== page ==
A week after a school shooting in Florida left 17 people dead, CNN aired a riveting town-hall event moderated by Philly native Jake Tapper that featured members of the Parkland community confronting politicians and stakeholders about what could be done to protect schools from future attacks.
But there was a survivor absent from the event — 17-year-old Colton Haab, who told WPLG-TV Wednesday night, "CNN had originally asked me to write a speech and questions, and it ended up being all scripted." On Thursday night, Haab appeared on Fox News, telling host Tucker Carlson that he decided to skip the town hall after a CNN producer rewrote one of his submitted questions.
"Originally I had thought that it was going to be more of my own question and my own say, and then it turned out to be more of just a script," Haab said. "And she had actually said that over the phone that I needed to stick to the script."
CNN has vehemently denied Haab's claims. Emails between the Haab family and the network, obtained by the Inquirer and Daily News, show that CNN's actions have been mischaracterized by right-wing media outlets and President Trump, who used the controversy to once again label CNN "fake news." The emails reveal a producer attempting to help Haab center his question around the topic of letting trained teachers carry guns, not trying to change his point of view.
Haab, a Junior ROTC member who was hailed as a hero for shielding his classmates using kevlar sheets, was contacted by CNN to participate in the town hall after appearing in numerous television interviews, including one on Fox & Friends in which he said, "If Coach [Aaron] Feis had had his firearm in school that day, I believe that he could've most likely stopped the threat." Feis died in the attack.
Haab provided CNN with a list of four questions he wanted to ask during the town hall. A producer said the list needed to be pared down to just one due to time constraints and the format of the event, according to the emails. Haab's father also emailed the producer a three-page, 700-word speech he wanted his son to give, which also didn't fit with the constraints of CNN's broadcast.
Ultimately, the producer suggested Haab "stick" with a question the two had discussed on the phone, which simply added comments the student made on Fox & Friends to one of his proposed questions. The wording for that question would have been: "Senator Nelson, if Coach Feis had had his firearm in school that day, I believe that he could have most likely stopped the threat. Have we thought about having a class for teachers who are willing to be armed trained to carry on campus?"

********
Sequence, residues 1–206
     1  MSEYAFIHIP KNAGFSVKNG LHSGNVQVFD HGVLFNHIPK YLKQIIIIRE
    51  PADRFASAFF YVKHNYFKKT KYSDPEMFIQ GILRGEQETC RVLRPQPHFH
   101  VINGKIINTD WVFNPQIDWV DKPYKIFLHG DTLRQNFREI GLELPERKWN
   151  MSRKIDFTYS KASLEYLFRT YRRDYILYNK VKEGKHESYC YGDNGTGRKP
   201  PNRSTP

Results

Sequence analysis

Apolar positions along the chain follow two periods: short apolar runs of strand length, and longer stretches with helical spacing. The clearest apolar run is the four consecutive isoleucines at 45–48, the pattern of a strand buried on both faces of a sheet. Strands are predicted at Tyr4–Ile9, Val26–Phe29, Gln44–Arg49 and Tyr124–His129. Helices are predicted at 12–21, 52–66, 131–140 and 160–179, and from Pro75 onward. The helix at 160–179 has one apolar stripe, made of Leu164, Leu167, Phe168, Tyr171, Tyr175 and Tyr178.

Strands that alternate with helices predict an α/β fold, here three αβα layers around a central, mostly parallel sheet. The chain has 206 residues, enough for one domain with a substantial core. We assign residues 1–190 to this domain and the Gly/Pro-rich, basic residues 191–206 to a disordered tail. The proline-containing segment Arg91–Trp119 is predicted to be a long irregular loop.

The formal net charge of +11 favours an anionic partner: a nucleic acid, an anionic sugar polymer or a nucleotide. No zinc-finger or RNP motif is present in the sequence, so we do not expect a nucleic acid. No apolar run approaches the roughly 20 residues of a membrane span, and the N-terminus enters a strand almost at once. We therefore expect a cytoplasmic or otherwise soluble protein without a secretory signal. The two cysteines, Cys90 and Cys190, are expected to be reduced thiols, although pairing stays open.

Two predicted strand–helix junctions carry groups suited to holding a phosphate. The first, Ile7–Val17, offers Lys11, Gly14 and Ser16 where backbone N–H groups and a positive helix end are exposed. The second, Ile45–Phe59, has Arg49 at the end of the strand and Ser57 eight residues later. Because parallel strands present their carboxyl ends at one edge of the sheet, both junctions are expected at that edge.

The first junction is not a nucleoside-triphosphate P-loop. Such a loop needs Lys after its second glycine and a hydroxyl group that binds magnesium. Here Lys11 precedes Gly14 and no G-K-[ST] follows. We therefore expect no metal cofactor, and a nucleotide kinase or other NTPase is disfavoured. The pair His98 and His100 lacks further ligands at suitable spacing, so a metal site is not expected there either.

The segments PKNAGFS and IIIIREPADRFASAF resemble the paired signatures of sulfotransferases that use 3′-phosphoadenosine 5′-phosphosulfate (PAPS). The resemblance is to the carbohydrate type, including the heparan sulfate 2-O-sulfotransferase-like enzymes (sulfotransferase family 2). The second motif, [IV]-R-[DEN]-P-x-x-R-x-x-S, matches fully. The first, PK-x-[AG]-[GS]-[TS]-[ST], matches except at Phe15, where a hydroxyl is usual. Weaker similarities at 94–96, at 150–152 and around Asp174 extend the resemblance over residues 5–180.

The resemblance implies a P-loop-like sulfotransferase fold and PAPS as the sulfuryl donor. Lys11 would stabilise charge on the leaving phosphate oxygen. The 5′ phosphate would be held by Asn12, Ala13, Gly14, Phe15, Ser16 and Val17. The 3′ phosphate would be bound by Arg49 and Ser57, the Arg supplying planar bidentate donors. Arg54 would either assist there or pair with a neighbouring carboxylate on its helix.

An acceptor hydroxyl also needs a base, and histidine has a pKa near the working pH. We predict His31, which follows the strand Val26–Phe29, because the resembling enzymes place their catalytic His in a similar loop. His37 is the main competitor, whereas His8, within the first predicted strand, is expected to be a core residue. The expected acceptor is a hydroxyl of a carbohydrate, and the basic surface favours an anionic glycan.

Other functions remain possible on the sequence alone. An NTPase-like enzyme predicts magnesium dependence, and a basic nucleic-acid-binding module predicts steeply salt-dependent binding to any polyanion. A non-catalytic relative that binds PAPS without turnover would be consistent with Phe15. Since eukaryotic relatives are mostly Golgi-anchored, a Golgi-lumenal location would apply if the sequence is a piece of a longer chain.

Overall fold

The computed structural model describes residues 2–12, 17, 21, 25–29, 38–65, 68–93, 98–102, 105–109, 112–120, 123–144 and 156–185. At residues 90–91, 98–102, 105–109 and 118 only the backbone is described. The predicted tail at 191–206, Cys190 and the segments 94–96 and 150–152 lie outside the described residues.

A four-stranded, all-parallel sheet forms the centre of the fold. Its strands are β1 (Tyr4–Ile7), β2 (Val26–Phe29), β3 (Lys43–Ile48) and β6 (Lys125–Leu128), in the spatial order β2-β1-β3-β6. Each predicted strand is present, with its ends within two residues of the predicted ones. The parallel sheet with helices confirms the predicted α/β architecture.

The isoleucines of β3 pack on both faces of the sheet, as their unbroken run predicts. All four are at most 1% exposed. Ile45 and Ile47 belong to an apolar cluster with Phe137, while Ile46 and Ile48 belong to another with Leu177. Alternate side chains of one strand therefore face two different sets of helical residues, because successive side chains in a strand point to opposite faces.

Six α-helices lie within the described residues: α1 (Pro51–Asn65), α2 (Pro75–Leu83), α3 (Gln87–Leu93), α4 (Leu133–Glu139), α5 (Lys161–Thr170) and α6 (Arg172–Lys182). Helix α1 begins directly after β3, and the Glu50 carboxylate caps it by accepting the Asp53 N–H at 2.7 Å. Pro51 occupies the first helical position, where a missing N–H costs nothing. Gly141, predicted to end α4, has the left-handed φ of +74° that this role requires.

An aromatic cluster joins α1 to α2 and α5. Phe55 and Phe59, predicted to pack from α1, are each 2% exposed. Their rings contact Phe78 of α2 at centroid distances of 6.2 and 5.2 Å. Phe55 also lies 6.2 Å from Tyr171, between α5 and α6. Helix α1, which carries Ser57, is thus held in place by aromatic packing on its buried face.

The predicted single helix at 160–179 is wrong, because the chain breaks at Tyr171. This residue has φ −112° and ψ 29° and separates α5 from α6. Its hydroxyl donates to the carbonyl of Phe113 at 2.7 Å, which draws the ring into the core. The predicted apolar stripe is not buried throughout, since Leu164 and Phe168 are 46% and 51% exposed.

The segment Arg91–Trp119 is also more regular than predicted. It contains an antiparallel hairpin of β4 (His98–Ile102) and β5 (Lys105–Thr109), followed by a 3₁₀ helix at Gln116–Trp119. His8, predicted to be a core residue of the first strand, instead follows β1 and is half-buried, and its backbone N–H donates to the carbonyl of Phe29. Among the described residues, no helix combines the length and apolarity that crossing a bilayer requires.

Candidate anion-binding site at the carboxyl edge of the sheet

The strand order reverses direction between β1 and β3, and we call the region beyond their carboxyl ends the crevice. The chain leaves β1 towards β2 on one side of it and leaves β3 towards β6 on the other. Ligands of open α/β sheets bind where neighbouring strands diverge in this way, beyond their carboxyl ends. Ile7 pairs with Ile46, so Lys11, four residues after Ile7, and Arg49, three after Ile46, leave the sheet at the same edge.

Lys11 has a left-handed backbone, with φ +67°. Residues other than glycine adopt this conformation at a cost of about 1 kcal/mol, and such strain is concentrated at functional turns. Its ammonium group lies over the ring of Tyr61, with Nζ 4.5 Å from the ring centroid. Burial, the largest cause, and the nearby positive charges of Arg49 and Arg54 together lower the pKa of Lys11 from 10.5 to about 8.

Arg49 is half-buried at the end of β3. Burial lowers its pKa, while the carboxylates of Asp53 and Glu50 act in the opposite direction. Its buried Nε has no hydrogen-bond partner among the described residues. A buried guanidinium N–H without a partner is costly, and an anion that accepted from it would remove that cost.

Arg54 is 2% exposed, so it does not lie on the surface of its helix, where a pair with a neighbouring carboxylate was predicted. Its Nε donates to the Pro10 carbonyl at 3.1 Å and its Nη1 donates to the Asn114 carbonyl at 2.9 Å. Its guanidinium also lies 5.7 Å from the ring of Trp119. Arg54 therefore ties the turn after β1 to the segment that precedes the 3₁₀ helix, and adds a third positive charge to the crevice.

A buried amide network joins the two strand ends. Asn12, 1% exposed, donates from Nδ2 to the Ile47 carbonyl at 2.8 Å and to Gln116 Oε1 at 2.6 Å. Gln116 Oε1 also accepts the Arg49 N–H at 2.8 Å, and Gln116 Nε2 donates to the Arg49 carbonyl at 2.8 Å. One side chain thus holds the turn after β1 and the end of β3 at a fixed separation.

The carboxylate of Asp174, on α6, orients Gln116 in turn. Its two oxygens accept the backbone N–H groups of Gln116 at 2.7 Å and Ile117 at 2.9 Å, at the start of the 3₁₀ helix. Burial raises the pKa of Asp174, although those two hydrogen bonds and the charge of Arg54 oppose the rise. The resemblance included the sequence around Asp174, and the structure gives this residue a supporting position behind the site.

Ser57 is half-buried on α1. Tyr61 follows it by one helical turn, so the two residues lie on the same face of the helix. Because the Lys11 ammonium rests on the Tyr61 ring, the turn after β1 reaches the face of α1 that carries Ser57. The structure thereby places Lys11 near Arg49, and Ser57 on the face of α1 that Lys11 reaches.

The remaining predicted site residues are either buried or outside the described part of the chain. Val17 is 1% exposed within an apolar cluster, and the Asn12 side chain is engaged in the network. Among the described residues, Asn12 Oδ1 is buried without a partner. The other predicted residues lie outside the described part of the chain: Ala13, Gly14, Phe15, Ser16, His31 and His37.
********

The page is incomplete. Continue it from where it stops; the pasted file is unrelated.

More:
The suggestion prompted a strong response from Haab's father, who pulled his son out of the town call and told CNN in an email, "We are not actors nor do we read from a script."
"Colton's father withdrew his name from participation before the forum began, which we regretted but respected," CNN said in a statement on Thursday. "We welcome Colton to join us on CNN today to discuss his views on school safety."
But the takeaway for many conservative news outlets and pundits appeared to be that CNN tried to alter Haab's question in an attempt to promote a gun-control agenda, something the emails show didn't happen. "Parkland student: CNN gave me 'scripted' questions on guns" is the headline the Washington Examiner went with, while the right-wing news website Breitbart published, "Parkland Student's Father Says CNN Only Interested in 'Certain Narrative.' " Gateway Pundit, which has been provided White House credentials despite regularly peddling baseless conspiracy theories, used, "CNN Refused to Allow Florida Shooting Hero Colton Haab to Ask Questions at Town Hall That Didn't Fit Their Narrative."